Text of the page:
We are now within 100 days of Nov. 3, the day of the general election. Although we may not yet know exactly how bad the coronavirus will be in Virginia next November, we already know that this year’s presidential election will look different from what we are used to. The primary elections this year highlighted a number of challenges voters and election administrators face in the middle of a pandemic — some states closed many in-person polling stations, had hours-long lines, and had trouble getting absentee ballots to voters and back to election officials on time.
In addition, some neighboring cities have had civil disturbances that could interfere with voting: Richmond has extended its state of emergency order in light of violent clashes between protestors and police in June. In Washington D.C.’s June primaries, a curfew sowed confusion over whether people could go out to vote during a stay at home order. This certainly disenfranchised some voters.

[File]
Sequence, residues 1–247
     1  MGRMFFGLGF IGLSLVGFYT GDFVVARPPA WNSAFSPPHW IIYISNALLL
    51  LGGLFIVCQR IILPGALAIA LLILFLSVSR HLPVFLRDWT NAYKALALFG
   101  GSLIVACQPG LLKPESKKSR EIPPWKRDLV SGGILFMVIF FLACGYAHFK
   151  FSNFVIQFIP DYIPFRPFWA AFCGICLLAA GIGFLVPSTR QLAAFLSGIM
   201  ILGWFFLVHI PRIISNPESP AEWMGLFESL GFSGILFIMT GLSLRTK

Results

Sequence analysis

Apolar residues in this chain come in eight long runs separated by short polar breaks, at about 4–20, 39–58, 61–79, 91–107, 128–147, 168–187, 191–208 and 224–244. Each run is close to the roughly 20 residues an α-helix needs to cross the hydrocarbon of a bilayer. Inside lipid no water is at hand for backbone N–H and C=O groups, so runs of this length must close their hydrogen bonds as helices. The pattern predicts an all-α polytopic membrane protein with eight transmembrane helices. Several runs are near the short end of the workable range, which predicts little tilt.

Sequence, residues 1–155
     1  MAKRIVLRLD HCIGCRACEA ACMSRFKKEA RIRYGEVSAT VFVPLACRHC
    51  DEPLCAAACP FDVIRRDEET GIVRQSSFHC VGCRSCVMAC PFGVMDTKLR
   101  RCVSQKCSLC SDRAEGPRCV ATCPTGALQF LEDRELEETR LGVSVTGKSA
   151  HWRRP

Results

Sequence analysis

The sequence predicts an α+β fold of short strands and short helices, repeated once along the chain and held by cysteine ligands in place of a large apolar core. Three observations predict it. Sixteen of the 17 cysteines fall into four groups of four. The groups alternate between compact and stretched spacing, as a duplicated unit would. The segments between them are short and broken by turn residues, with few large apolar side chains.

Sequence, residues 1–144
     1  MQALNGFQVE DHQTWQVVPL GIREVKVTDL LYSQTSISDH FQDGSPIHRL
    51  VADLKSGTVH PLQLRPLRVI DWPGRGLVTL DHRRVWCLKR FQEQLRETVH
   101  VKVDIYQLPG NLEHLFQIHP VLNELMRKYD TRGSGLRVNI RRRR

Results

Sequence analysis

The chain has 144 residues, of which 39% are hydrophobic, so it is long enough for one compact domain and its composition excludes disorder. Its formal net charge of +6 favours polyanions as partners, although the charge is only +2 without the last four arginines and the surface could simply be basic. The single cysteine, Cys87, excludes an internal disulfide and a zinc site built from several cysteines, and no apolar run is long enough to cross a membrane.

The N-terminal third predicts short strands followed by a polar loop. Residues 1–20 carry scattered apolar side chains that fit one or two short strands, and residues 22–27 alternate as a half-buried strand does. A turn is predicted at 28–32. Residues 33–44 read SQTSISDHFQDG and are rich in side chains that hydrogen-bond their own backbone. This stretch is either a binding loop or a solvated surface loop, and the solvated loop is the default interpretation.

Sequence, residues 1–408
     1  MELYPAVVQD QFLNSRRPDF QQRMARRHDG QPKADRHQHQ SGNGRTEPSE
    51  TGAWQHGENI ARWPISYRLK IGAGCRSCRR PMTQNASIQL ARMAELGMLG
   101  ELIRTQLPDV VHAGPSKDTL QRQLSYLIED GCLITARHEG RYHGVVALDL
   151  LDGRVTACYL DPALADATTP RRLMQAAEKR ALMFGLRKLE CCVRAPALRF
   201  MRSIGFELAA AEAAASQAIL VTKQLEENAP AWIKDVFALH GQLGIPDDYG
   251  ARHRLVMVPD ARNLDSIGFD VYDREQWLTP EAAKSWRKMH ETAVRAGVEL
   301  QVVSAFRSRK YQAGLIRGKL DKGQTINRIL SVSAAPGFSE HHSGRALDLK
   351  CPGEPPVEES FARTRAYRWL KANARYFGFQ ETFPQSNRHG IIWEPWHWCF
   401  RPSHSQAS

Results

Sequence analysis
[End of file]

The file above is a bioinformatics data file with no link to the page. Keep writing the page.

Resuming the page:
Fortunately, Virginia is moving in the right direction to prepare for November. In early July, a series of state-wide election reforms went became law that will improve access to the ballot for many Virginians. Among the most critical of these is no-excuse absentee voting, which means any Virginian can vote by mail for whatever reason — the same policy that the vast majority of states now have.
When this bill was introduced this past November, lawmakers obviously weren’t expecting our world to be upended by a global pandemic. But with these new laws now in effect, every Virginia voter will now have the option to send their ballot in by mail, rather than confront a potentially crowded polling place, if that’s what they prefer.
This means Virginia is not in the company of nine states (comprising 25% of the population of the country) where the ability to vote from home during the pandemic is still up in the air. States that require voters to vote in-person unless they have an acceptable “excuse” (usually being away on travel, or medically unable to vote) are left wondering whether the fear of getting infected with COVID at the polls qualifies as a medical excuse — officials of several states are arguing that it does not. This question is now in the courts in several of those states.